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Lake Erie gets new tech to prevent drinking water crisis

University of Windsor placing buoys near southeast Michigan
Posted: 3:16 PM, Jun 27, 2019
Updated: 2019-06-27 15:16:25-04
Buoys being prepped

MONROE, Mich. (WXYZ) — Early forecasting shows that Lake Erie is due for a larger toxic algae formation that we saw last year — the official term: a harmful algal bloom (HAB), is essentially a giant green blob to those on the sidelines.

Scientists know that it can lead to dangerous conditions, specifically if it approaches water intakes that deliver drinking water to millions of people. In 2014, it led to the city of Toledo cutting off it’s water supply for days because the water would be harmful to drink — it caused issues in Monroe County for tens of thousands of Michigan residents too.

Researchers have been tracking blooms and developing technology to forecast HABs for years, but as Ed Verhamme, a scientist at LimnoTech, noted there are still parts of the lake that are “relatively unmonitored.”

That changed this week.

The Great Lakes is getting more high-tech buoys and a first-of-its-kind underwater sensor network. Previously, the technology has only been used in oceans.

This week researchers from the University of Windsor, and engineers from LimnoTech in Ann Arbor began placing buoys in Lake Erie to begin a project called “Erie Watch.”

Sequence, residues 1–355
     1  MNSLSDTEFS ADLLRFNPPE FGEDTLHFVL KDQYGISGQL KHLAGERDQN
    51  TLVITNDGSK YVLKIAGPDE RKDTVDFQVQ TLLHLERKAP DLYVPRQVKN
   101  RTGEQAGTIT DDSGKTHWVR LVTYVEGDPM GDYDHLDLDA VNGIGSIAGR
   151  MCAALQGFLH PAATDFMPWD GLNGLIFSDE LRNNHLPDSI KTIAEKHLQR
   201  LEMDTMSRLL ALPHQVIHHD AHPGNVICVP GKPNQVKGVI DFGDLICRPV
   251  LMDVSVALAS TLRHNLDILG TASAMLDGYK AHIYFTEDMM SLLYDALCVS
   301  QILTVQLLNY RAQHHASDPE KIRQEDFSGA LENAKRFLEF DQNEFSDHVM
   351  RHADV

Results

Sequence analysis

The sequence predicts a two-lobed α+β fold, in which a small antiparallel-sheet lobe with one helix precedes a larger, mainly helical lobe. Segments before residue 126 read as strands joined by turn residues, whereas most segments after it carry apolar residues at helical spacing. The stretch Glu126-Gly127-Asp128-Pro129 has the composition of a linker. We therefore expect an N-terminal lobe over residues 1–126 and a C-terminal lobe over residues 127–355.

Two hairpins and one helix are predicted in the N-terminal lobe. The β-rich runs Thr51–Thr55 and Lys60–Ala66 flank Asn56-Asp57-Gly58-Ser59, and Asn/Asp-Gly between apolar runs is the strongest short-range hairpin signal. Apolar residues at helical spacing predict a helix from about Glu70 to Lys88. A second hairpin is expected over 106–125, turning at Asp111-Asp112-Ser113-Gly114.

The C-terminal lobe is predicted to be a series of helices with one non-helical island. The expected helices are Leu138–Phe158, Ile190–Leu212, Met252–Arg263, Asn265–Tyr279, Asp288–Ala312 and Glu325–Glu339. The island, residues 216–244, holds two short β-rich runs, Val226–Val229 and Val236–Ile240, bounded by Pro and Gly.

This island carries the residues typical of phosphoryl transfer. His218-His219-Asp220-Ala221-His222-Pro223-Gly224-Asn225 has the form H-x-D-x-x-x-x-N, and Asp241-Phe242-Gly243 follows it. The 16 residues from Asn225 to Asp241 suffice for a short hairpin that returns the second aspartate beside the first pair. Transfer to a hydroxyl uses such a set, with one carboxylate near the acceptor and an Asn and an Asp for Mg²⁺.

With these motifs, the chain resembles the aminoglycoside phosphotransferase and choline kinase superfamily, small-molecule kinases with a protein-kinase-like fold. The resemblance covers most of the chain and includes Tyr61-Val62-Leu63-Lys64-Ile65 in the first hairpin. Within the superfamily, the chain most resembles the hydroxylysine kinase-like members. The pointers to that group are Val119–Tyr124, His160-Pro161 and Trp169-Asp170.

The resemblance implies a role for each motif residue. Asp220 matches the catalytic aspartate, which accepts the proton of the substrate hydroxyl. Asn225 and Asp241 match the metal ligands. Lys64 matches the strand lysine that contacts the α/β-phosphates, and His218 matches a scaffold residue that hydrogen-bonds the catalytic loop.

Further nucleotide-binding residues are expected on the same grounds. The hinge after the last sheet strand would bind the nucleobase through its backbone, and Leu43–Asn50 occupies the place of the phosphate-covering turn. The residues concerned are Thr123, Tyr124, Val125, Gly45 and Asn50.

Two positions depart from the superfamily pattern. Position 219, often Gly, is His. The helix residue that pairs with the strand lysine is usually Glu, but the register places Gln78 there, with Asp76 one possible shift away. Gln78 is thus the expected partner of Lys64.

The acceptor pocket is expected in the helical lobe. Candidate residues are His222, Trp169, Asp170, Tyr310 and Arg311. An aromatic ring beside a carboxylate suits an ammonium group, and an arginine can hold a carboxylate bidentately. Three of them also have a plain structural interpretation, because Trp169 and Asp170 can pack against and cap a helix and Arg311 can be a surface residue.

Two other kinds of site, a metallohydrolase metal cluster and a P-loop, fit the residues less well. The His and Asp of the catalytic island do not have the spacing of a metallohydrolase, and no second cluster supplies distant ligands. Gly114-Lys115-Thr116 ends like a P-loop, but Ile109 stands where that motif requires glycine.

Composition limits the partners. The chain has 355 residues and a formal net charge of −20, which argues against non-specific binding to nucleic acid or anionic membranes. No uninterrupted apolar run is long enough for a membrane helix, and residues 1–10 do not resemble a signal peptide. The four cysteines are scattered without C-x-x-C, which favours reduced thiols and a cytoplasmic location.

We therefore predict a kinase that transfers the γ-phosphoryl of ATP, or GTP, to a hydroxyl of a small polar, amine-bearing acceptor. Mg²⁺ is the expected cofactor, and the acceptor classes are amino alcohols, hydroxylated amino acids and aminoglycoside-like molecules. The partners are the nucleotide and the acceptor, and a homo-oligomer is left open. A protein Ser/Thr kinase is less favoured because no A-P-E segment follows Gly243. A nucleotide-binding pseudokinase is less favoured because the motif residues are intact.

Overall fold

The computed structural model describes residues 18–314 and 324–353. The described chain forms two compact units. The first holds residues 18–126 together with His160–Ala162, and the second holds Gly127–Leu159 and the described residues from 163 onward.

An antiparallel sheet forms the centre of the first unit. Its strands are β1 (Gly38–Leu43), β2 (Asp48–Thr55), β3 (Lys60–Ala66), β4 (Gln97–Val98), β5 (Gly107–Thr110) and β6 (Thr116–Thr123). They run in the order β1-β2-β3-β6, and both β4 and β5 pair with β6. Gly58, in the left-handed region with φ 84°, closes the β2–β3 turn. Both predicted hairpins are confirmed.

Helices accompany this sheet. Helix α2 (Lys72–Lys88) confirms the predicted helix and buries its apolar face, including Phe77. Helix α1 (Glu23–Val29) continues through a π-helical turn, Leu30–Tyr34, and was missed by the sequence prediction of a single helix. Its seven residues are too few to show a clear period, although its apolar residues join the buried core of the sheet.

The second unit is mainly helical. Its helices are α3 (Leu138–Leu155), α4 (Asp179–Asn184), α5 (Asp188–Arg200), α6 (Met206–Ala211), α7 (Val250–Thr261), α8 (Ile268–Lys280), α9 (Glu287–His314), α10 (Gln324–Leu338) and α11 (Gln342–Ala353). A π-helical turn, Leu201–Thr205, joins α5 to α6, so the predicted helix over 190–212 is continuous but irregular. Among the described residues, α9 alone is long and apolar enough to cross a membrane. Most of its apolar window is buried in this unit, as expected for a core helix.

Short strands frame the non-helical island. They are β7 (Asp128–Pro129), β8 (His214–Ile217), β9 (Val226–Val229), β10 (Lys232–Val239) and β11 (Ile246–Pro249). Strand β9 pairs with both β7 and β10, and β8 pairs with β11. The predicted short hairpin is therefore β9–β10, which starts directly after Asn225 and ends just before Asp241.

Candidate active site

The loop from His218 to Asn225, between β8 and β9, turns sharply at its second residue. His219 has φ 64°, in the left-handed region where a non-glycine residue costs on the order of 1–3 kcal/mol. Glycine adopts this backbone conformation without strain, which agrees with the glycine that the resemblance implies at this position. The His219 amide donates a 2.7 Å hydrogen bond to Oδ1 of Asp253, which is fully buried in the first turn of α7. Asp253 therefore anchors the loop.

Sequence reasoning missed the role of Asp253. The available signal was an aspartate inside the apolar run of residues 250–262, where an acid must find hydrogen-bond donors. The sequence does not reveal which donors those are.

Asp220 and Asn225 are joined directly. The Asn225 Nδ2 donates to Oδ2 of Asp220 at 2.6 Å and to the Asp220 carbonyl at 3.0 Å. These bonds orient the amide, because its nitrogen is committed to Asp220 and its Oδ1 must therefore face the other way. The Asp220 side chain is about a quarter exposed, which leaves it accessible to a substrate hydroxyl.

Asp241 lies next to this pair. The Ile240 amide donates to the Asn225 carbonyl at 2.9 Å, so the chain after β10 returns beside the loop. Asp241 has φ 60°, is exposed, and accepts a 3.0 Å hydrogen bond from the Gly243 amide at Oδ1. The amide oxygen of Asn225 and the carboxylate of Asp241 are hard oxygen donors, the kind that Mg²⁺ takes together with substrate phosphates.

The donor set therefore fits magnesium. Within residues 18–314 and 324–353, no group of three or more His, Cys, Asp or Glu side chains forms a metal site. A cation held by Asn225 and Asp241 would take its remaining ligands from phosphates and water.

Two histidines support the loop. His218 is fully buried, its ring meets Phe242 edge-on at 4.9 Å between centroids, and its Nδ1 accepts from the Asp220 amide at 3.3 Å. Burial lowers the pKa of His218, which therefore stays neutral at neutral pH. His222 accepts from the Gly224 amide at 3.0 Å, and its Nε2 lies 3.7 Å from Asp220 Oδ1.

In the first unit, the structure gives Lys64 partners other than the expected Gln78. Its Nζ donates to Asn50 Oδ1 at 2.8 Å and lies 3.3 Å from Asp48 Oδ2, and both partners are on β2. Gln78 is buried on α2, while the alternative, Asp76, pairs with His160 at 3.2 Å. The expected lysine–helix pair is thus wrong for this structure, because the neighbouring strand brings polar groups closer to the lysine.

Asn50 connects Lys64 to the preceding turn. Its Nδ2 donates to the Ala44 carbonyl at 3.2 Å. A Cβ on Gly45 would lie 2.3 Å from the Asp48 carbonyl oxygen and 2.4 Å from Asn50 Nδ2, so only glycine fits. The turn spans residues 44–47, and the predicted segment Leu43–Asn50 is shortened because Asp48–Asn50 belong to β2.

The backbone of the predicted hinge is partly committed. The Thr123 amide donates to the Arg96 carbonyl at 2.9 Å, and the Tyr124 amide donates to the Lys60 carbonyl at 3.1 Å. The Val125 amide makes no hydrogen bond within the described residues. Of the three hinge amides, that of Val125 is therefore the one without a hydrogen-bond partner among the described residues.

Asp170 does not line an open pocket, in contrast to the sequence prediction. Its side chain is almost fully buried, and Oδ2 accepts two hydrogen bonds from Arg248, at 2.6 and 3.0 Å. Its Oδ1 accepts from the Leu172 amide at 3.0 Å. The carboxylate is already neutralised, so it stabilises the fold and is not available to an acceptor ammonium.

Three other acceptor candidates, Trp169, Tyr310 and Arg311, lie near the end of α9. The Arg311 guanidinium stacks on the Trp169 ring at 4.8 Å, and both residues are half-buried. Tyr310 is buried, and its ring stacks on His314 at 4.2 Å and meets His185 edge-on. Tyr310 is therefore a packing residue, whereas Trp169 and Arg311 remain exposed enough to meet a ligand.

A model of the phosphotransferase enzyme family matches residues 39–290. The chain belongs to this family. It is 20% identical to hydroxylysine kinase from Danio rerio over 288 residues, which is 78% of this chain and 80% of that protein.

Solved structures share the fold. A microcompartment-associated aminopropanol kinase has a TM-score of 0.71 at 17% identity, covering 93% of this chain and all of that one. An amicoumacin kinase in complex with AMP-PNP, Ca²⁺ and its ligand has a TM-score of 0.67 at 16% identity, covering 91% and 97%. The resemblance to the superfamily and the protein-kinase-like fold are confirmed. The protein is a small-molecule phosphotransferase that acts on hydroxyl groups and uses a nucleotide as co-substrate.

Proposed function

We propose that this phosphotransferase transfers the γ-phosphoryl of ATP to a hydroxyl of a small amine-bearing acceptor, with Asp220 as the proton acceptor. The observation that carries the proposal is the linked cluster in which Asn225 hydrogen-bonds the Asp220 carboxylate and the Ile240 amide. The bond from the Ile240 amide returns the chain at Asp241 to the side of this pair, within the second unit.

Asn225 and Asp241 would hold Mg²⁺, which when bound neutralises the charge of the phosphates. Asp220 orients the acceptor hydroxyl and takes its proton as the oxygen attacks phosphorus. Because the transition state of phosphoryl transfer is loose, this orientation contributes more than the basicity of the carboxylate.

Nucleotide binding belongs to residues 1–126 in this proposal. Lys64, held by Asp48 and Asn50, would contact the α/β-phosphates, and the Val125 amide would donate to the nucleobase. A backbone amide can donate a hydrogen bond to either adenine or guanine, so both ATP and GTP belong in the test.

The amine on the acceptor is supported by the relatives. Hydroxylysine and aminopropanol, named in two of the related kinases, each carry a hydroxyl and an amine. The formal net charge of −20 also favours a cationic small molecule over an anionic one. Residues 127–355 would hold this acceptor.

Aaron Fisk, a University of Windsor researcher who is a professor at the Great Lakes Institute for Environmental Research, told 7 Action News that the current deployment involves buoys that send back real-time data including oxygen levels in the water, temperature, chlorophyll, salinity and more. The data is sent via cell signal, which allows for rapid-response to changes in the lake.

Data collected can be beneficial for quicker warnings for utilities that rely on fresh water, but it can also help with long-term data collection too. Fisk called it a “game-changer” when it comes to improving modeling for algal blooms, but also weather models.

The entire network is part of a $17 million investment from Canada, though the data will help collaborating scientists in the U.S. too.

The Great Lakes represent 20-percent of the world’s fresh water, but Fisk notes that it remains vulnerable, understudied and underfunded.